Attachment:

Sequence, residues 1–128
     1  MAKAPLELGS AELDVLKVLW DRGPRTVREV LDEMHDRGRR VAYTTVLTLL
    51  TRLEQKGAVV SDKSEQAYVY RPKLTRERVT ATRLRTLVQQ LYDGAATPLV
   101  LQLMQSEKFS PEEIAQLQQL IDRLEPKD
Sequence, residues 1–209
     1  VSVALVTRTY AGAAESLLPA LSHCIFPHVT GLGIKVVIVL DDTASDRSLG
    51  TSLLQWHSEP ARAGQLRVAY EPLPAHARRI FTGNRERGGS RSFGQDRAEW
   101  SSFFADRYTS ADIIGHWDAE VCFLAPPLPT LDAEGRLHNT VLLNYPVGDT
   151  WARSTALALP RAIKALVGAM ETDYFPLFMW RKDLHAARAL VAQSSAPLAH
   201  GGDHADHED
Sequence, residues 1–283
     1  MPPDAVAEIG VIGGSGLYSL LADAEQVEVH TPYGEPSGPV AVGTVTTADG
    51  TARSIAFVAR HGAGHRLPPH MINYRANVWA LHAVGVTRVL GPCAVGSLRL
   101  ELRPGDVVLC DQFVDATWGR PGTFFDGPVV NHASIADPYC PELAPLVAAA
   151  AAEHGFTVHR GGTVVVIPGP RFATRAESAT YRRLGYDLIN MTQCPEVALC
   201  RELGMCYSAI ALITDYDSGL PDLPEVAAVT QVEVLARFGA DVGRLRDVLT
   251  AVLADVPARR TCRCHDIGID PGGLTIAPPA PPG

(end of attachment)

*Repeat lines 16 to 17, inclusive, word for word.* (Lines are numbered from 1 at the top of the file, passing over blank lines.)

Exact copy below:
   201  RELGMCYSAI ALITDYDSGL PDLPEVAAVT QVEVLARFGA DVGRLRDVLT
   251  AVLADVPARR TCRCHDIGID PGGLTIAPPA PPG